Separatists proclaim new state to replace Ukraine
Separatists in eastern Ukraine have proclaimed a new state that aspires to include not only the areas they control but also the rest of Ukraine.
The surprise announcement in the rebel stronghold of Donetsk casts further doubt on the 2015 ceasefire deal that was supposed to stop fighting in Ukraine's industrial heartland and bring those areas back into Kiev's fold while granting them wide autonomy.
It also caught unawares some rebels who said they have no intention of joining the new state.
More than 10,000 people have died in fighting since Russia-backed rebels took control of parts of Ukraine's Donetsk and Luhansk regions in April 2014 after Moscow annexed Ukraine's Crimean peninsula.
The rebels originally sought to join Russia but the Kremlin stopped short of annexing the whole area or publicising its military support for the rebels.
Donetsk separatist leader Alexander Zakharchenko said in comments broadcast on Russian television that rebels in Donetsk and Luhansk as well as representatives of other Ukrainian regions would form a state called Malorossiya.
Most of the areas which are part of Ukraine were referred to as Malorossiya, or Little Russia, when they were part of the Russian Empire.
Mr Zakharchenko said the rebels are drawing up a constitution that will be put up to a popular vote.
"We believe that the Ukrainian state as it was cannot be restored," he said in remarks carried by the Tass news agency.
"We, representatives of the regions of the former Ukraine, excluding Crimea, proclaim the creation of a new state which is a successor to Ukraine."
Although separatists in the east have sympathisers in other Ukrainian regions, they have not attempted to capture territories there, and they have no political representation.
Separatist leaders in Luhansk later denied that they were part of the deal.
Local news website Luhansk Information Centre quoted rebel representative Vladimir Degtyarenko as saying they had not been informed of the plans and have "great doubts about the expediency of such a step".
Throughout the conflict, the rebel-controlled areas have been ruled by self-proclaimed authorities in Donetsk and Luhansk who call themselves the Donetsk People's Republic and the Luhansk People's Republic.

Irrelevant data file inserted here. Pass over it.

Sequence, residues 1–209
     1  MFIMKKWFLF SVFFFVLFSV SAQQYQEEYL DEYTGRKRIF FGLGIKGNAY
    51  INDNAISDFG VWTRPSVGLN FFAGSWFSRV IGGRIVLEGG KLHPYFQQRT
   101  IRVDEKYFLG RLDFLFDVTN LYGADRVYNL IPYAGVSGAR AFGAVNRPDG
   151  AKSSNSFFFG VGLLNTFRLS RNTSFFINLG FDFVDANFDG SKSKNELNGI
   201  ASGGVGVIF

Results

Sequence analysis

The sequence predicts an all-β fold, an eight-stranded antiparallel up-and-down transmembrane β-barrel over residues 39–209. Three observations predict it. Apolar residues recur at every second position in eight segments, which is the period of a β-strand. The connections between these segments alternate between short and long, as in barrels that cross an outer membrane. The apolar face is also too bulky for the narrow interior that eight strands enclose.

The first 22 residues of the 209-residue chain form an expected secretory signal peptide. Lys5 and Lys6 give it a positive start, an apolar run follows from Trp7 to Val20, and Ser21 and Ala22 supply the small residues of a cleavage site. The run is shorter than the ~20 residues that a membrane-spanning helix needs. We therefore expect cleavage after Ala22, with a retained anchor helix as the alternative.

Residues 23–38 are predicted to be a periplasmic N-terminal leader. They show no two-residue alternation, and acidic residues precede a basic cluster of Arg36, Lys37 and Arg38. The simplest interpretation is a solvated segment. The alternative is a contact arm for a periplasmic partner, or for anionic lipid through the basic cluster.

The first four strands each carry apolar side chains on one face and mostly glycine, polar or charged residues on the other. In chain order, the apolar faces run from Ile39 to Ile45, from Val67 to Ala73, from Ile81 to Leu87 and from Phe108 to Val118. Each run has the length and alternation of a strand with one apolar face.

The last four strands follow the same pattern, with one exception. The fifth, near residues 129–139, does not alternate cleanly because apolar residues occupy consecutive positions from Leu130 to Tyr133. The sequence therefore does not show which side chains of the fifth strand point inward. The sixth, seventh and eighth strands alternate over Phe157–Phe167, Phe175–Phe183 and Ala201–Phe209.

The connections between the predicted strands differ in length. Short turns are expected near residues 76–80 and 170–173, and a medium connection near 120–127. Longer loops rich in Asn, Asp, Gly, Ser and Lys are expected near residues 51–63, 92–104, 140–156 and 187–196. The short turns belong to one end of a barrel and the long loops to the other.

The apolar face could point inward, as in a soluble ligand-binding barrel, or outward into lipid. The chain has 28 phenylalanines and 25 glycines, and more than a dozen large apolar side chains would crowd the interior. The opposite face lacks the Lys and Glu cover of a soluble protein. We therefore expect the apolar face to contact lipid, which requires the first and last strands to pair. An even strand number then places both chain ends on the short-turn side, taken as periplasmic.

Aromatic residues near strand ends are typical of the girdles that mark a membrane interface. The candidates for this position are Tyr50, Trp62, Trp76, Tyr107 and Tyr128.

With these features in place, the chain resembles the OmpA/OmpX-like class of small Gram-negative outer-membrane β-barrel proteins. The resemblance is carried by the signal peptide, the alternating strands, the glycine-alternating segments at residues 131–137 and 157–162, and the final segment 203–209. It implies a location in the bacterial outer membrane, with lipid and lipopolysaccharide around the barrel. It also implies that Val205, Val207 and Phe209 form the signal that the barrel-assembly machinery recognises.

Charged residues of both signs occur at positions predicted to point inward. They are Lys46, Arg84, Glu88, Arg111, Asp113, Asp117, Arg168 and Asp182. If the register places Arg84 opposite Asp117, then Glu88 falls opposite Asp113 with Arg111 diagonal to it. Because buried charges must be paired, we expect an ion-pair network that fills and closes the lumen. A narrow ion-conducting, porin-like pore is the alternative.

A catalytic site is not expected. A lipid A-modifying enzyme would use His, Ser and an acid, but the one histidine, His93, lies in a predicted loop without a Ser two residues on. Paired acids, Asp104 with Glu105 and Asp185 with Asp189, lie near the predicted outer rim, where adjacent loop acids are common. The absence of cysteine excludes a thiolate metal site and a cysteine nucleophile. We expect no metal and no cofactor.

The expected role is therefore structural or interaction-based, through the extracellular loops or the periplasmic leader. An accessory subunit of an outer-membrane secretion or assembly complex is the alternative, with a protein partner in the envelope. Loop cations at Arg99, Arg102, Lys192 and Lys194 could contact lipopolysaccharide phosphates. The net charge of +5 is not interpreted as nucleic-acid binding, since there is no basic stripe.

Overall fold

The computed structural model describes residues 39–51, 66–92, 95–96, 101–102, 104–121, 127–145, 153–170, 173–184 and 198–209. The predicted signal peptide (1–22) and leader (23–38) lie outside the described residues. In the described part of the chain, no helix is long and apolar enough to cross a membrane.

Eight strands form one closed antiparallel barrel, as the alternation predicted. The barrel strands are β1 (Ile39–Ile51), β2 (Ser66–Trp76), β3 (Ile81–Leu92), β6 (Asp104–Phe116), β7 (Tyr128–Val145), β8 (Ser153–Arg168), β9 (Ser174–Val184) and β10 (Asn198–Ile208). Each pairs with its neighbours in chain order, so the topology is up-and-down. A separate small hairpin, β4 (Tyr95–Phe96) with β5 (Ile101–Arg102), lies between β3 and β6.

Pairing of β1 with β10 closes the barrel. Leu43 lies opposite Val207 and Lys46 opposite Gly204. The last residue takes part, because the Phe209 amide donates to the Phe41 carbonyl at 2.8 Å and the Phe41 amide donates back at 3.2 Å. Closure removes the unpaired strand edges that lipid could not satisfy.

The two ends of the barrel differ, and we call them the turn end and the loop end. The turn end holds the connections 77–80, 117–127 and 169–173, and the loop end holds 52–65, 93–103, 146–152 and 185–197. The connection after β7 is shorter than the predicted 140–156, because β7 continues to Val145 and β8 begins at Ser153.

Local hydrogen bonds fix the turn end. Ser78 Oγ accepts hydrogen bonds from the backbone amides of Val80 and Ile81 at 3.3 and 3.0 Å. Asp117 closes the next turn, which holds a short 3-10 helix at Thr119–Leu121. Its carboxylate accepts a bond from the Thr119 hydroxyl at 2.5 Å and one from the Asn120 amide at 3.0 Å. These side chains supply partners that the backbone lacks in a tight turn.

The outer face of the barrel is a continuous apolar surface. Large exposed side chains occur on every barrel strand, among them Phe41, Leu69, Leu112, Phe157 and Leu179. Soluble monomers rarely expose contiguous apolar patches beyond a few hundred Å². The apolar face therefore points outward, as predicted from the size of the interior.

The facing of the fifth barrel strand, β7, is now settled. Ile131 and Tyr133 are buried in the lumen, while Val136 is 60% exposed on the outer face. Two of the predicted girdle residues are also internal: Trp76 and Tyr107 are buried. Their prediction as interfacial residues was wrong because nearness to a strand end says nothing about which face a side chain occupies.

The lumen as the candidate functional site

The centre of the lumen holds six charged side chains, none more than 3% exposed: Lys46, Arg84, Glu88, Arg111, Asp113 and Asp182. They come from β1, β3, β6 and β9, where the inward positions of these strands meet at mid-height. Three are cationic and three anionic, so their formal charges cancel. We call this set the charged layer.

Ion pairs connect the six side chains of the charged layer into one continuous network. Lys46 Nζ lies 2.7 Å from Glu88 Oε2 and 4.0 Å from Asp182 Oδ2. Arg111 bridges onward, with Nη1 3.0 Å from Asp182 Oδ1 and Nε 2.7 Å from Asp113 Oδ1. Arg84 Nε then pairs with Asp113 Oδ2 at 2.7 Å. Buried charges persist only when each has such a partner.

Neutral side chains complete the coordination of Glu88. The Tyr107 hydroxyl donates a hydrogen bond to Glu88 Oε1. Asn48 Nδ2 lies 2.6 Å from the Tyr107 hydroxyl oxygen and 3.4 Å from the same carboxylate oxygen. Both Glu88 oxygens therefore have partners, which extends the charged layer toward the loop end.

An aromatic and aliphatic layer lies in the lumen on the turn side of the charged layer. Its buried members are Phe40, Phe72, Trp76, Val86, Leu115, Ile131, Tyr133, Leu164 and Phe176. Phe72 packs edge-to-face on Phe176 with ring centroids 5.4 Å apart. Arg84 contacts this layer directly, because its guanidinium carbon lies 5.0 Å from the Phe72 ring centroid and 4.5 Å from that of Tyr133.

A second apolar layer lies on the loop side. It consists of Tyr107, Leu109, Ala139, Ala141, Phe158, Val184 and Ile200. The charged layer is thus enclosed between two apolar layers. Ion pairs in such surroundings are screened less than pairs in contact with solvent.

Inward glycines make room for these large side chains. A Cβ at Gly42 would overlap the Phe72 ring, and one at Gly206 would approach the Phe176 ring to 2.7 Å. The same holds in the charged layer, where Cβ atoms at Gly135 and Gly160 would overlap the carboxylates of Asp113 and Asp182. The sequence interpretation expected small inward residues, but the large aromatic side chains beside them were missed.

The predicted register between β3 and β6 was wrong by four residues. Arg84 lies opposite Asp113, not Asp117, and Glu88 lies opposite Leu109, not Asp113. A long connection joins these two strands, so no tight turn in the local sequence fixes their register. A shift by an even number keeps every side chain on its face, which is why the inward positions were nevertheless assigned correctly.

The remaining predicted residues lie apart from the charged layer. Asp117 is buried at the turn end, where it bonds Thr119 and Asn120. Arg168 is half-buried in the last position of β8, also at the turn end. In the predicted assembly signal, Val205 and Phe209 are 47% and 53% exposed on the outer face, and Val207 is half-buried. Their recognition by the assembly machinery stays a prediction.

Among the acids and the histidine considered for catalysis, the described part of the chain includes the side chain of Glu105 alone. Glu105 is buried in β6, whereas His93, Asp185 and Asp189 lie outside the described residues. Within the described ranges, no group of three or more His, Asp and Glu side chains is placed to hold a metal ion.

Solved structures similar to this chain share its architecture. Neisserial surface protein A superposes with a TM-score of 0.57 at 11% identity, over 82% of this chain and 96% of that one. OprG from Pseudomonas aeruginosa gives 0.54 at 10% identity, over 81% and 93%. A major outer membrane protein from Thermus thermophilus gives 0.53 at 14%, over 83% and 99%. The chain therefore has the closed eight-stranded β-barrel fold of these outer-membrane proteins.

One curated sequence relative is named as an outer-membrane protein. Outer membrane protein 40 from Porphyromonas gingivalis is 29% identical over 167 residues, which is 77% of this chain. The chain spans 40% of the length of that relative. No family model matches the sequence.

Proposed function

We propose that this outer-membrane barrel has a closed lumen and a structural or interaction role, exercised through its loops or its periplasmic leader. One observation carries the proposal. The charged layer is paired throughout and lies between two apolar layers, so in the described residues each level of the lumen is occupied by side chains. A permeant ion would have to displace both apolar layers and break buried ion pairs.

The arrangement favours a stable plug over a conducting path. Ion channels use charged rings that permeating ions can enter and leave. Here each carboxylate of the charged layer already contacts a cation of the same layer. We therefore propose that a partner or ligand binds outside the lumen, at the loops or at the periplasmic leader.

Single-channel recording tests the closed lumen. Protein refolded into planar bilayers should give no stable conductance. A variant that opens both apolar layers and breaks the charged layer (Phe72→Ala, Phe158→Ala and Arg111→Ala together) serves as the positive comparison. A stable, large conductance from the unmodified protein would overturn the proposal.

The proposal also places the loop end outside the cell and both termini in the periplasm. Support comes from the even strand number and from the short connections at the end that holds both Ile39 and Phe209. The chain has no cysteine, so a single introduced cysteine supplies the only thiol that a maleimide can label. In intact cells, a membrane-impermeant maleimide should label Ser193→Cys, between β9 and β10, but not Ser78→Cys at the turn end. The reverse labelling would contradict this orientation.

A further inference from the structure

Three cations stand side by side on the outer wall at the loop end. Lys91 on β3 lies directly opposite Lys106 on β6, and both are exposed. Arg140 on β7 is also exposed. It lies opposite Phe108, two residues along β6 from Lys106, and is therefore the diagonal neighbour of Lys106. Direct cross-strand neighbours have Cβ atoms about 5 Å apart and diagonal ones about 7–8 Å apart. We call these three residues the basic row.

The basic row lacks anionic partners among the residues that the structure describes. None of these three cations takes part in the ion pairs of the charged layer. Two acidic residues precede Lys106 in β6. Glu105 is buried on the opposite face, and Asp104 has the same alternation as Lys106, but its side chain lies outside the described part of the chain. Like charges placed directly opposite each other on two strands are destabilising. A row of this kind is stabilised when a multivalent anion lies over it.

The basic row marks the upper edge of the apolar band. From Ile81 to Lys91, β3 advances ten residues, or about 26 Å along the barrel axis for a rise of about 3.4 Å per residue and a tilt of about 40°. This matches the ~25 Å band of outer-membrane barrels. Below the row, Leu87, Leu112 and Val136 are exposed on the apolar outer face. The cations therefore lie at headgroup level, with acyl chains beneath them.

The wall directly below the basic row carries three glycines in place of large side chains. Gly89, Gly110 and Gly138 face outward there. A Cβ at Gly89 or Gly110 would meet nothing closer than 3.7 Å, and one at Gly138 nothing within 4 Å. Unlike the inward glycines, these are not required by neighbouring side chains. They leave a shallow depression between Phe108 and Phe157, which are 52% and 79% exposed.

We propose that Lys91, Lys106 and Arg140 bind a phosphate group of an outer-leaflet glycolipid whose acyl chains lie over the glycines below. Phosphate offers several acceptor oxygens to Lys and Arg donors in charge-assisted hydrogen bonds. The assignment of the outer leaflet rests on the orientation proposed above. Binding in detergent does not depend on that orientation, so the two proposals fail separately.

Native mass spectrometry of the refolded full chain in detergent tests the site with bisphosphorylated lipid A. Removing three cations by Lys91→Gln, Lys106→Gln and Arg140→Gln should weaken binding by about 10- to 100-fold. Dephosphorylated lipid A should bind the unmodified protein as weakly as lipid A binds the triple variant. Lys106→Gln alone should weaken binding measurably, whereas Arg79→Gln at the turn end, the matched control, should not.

Separatist leaders in Luhansk, unlike their counterparts in Donetsk, have tended to stay away from directly expressing intentions to join Russia.
Ukrainian President Petro Poroshenko accused Russia of directing the rebels' hand in making the announcement and seeking to split Ukraine.
"You should understand that Zakharchenko and (rebel leader Igor) Plotnitsky are not political actors," he said, dismissing them as "puppets" whose only job is to voice "the messages they receive from Russia".
Mr Poroshenko said Ukraine is committed to the peace accords and pledged to restore control over eastern Ukraine and Crimea.
France, Germany, Ukraine and Russia worked out an agreement in the Belarusian capital, Minsk, in 2015 which laid out a road map for ending the conflict between government troops and separatists.
The rebels and the Ukrainian government agreed that the rebels would return the control of the territories they had captured to Kiev while Ukraine would allow a local election there and grant wide autonomy to the region.
While the deal helped to reduce the intensity of fighting, none of the political components has been implemented.
The Luhansk rebels insisted on Tuesday that they were committed to Minsk while Donetsk representatives argued that the creation of a new state does not contradict the deal.